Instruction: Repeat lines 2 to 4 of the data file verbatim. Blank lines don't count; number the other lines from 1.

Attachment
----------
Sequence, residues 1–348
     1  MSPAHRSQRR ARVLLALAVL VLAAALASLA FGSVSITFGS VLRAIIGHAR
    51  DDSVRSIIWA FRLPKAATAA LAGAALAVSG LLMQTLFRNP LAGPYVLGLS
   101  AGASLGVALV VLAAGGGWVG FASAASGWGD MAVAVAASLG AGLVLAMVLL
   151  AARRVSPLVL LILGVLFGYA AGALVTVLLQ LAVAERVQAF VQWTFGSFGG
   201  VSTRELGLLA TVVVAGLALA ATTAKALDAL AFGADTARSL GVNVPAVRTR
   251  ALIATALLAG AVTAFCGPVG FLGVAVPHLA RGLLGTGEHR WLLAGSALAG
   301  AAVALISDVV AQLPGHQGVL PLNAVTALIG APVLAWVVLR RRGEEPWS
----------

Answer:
     1  MSPAHRSQRR ARVLLALAVL VLAAALASLA FGSVSITFGS VLRAIIGHAR
    51  DDSVRSIIWA FRLPKAATAA LAGAALAVSG LLMQTLFRNP LAGPYVLGLS
   101  AGASLGVALV VLAAGGGWVG FASAASGWGD MAVAVAASLG AGLVLAMVLL